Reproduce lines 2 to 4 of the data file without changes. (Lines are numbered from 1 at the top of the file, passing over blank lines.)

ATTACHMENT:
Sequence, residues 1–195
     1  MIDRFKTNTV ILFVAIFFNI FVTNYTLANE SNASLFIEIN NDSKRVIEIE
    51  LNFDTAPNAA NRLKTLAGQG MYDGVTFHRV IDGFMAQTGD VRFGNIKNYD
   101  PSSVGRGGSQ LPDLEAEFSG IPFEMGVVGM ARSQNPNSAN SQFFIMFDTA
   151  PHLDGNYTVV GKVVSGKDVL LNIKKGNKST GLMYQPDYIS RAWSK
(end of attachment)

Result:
     1  MIDRFKTNTV ILFVAIFFNI FVTNYTLANE SNASLFIEIN NDSKRVIEIE
    51  LNFDTAPNAA NRLKTLAGQG MYDGVTFHRV IDGFMAQTGD VRFGNIKNYD
   101  PSSVGRGGSQ LPDLEAEFSG IPFEMGVVGM ARSQNPNSAN SQFFIMFDTA